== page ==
Community Cupboards

When Jessica McClard created the first Little Free Pantry in 2016, inspired by the Little Free Libraries she would see in her hometown of Fayetteville, Arkansas, she didn’t anticipate how quickly the movement would take off.

“I think it was about four years ago that the first Little Free Library popped up in my home community … a lot of the Little Free Libraries even look like kitchen cabinets,” McClard says. “From there, it was just pretty obvious what I was going to do with it.”

There are now more than 450 varieties of the Little Free Pantries recorded nationwide, with five locations in Austin. The Little Free Pantry operates in the same well-known “take what you need, leave what you can” model of the libraries, with the main difference being that rather than sharing books, these pantries exist to provide free, easily accessed food to the surrounding community.

“This concept is just free for anybody to implement in whatever way they choose,” says McClard. “At first I saw this with the Blessing Boxes; now there are Red Door Food Pantries, Micro Pantries; these go by a ton of different names.”

One such variation is located at the Central Christian Church on West 12th Street and Guadalupe. Their “Petite Pantry,” set up in May 2018, was the first branch of the Little Free Pantry in Austin. Executive Pastor Heidi Bounds implemented the project with the help of Jennifer Pugh, a local champion for the pantries.

“As a pastor, you want to be able to help people when they come to your door,” Bounds says. “This has no restrictions. It’s for the single mom; it’s for the college kid; it’s for the homeless man; it’s for the husband who just lost his job and who just needs some beans and rice … It doesn’t put anybody in a box as far as who needs help. And that’s what I really, really love about it.”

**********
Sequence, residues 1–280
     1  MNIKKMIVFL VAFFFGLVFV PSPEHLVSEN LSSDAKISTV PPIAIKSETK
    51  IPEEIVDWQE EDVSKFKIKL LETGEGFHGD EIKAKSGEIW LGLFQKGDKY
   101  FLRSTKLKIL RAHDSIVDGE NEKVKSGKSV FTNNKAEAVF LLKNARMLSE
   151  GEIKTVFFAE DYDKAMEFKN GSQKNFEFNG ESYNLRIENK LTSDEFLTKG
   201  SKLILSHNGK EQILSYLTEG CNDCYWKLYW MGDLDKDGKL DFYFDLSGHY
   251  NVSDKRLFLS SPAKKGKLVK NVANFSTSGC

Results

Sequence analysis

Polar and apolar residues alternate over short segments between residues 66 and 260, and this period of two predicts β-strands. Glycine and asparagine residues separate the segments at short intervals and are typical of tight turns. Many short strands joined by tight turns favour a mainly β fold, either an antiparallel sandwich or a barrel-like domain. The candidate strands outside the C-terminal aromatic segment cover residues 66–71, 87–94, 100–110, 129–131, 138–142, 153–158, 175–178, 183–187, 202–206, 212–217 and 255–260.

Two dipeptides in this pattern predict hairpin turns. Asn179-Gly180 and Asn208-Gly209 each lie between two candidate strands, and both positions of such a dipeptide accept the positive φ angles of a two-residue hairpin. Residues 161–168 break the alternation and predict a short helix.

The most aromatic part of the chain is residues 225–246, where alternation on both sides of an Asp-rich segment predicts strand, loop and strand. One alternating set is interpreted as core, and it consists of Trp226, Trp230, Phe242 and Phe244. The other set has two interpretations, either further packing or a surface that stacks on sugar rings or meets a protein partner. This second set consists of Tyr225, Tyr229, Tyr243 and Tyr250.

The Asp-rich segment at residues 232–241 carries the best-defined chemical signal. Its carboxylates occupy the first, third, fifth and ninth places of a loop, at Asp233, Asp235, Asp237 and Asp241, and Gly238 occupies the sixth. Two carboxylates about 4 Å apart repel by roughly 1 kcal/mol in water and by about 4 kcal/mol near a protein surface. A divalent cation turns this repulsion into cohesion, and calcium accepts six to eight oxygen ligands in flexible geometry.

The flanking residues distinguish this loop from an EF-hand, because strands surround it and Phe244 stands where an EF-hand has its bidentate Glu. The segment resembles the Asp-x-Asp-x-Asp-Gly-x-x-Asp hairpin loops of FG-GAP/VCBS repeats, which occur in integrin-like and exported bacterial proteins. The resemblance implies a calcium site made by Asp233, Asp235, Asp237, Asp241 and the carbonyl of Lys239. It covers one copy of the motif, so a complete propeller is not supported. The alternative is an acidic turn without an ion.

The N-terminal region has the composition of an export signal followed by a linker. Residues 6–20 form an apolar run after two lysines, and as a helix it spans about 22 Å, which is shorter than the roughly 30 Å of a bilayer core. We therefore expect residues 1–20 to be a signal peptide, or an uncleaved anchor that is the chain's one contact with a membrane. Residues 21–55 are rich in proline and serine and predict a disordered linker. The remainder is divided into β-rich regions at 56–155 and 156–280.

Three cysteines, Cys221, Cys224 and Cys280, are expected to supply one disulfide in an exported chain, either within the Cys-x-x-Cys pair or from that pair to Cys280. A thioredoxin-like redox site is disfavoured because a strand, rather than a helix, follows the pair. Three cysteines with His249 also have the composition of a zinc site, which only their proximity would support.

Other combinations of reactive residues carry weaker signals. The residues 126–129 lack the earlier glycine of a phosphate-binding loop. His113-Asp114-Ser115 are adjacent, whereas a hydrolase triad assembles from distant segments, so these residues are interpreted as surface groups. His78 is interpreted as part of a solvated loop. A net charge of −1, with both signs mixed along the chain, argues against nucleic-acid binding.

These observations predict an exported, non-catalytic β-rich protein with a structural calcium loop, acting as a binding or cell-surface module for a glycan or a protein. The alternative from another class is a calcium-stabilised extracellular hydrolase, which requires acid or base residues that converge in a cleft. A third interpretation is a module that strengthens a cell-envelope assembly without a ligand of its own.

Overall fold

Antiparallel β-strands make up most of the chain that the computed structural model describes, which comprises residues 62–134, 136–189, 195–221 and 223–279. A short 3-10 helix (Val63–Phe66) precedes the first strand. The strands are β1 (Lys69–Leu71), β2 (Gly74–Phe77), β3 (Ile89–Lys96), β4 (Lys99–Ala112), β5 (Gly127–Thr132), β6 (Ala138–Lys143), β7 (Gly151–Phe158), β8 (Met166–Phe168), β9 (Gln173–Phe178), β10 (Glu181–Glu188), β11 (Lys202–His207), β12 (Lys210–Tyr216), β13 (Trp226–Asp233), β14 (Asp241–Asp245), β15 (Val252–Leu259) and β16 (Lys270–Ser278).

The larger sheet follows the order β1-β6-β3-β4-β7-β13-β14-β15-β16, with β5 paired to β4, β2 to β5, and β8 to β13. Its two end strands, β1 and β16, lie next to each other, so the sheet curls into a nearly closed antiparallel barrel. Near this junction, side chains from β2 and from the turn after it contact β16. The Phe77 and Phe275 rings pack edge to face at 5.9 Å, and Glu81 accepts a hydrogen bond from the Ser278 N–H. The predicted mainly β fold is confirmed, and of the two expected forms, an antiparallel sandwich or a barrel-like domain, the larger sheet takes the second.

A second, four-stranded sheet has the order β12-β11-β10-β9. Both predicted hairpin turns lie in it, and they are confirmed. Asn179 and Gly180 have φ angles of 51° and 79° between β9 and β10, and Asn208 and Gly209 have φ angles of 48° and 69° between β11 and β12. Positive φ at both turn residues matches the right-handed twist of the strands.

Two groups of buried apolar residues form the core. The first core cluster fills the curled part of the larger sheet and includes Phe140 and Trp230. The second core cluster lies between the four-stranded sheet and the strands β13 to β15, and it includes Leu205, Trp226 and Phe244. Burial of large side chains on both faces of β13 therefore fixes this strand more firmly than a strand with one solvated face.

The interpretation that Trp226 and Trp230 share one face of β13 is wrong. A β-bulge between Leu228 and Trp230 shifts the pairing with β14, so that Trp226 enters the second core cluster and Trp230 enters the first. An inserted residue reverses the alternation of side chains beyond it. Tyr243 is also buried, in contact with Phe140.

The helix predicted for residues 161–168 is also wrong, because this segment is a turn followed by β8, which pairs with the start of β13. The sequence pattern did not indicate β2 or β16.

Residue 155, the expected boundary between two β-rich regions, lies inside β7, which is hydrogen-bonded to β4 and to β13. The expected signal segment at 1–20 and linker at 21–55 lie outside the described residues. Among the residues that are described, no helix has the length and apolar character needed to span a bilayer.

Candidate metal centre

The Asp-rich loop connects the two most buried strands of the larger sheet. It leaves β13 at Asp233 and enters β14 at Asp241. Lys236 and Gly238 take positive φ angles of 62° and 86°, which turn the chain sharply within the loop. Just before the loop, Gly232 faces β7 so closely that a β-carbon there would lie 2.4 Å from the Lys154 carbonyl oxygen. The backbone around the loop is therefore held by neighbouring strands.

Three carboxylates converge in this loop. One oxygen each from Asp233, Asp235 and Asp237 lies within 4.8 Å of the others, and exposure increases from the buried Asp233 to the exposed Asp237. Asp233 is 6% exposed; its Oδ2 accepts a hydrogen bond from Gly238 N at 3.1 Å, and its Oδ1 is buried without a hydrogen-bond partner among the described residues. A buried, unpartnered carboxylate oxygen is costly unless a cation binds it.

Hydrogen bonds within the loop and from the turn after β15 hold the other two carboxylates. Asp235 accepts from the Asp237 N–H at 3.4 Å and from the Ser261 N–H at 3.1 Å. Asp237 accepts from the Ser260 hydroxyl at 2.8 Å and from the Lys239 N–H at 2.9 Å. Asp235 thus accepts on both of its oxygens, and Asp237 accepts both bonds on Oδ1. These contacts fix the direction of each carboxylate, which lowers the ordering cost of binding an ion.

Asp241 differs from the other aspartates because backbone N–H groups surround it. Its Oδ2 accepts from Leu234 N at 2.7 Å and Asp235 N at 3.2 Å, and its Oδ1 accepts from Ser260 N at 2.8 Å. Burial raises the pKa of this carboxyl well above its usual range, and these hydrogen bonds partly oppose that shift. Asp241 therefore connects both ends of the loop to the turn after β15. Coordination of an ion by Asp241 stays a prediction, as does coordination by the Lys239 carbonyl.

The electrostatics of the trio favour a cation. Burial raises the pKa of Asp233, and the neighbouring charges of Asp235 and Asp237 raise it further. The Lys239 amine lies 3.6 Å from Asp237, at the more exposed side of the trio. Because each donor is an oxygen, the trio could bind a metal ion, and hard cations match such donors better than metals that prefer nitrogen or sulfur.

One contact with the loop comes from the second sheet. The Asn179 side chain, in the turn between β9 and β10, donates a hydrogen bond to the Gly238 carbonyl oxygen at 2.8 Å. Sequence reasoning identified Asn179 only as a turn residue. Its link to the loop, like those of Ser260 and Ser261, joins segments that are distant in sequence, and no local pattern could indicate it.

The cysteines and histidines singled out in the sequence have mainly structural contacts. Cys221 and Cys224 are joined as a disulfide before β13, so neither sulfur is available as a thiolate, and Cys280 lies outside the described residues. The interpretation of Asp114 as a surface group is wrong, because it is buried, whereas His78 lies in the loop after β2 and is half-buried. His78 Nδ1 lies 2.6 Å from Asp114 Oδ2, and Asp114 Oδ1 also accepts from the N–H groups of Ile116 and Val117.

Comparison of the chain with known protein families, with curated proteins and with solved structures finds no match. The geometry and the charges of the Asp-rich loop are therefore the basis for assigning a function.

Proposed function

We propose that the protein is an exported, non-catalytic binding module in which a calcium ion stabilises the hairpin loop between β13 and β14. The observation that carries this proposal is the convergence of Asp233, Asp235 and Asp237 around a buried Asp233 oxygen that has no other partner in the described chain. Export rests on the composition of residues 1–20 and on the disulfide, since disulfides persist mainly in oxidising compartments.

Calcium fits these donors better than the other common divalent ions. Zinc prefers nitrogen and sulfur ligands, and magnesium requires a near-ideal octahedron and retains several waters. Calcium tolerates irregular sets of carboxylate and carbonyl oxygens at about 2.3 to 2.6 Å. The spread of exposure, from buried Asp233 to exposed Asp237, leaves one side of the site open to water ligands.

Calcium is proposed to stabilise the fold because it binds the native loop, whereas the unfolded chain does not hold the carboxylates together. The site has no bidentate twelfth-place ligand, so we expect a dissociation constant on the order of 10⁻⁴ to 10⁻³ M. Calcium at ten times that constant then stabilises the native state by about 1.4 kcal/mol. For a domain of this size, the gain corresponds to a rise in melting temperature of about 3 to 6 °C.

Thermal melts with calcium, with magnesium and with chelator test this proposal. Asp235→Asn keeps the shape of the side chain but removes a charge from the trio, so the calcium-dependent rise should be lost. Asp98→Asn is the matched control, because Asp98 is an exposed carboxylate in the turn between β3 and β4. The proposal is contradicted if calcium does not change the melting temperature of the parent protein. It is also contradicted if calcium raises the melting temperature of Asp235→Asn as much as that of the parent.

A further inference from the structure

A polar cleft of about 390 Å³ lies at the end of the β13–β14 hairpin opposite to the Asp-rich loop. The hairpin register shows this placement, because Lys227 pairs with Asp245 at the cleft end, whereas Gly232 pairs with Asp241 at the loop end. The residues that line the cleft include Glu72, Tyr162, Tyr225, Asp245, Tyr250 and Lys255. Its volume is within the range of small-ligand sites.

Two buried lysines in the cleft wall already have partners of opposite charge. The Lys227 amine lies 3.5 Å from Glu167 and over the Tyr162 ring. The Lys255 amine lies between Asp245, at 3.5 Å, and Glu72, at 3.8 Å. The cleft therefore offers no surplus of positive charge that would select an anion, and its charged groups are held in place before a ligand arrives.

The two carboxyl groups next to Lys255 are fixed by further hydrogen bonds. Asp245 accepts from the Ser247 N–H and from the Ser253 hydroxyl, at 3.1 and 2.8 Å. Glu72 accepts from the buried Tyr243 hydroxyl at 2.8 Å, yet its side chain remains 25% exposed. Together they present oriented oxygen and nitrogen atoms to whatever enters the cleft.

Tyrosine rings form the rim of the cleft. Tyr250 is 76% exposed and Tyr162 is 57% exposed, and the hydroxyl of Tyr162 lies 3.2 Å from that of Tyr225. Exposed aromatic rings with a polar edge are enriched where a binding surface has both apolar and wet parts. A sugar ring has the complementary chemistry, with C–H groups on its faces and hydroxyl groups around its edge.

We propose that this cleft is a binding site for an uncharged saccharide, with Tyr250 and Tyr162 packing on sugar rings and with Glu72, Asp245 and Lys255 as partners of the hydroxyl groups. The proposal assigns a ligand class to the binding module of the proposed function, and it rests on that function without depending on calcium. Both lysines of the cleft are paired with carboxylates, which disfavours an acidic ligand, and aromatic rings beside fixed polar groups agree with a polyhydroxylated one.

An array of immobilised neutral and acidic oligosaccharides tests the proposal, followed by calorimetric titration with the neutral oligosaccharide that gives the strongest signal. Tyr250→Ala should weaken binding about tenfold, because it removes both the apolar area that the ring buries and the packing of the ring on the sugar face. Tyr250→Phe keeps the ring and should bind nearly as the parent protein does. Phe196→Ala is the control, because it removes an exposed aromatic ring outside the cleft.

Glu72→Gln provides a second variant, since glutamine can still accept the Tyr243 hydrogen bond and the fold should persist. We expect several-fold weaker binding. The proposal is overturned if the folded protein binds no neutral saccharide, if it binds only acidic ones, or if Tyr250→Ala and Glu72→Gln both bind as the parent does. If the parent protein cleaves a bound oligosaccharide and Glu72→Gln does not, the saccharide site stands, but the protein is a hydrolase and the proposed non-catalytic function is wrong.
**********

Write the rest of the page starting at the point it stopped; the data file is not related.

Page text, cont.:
Jenny Lorraine, another local owner of a Little Free Pantry, keeps hers in the front yard of her home. Though most pantries are located at public establishments, Lorraine says there is enough foot traffic by her home to keep it both stocked and utilized.

“There are days when it’s filled with baked goods. Today it’s filled with clothing and baby items,” she says. “It’s just really cool to watch … I guess it’s like my way of paying it forward. And the neighborhood loves it. You know, everybody’s always donating.”

Though the pantries aren’t large enough to come close to replacing institutions like food banks, they are a fun, unique way to serve both neighbors and those in need.

“I think it’s a really, really good entry point to service because it doesn’t require a lot of time or a lot of money, which opens it up to all sorts of people who maybe haven’t engaged with community service before,” McClard says. “In my wildest dreams, this would be something that anyone could feel like they could use.”

Update: Since the publication of this story, Jenny Lorraine's Little Free Pantry was destroyed by a truck that lost control on Cameron Rd. Click here to find updates the pantry's status and if they're currently accepting donations.


Written by Darby Kendall • Photos courtesy of Little Free Pantry & Petite Pantry

For more information, visit littlefreepantry.org and petitepantry.org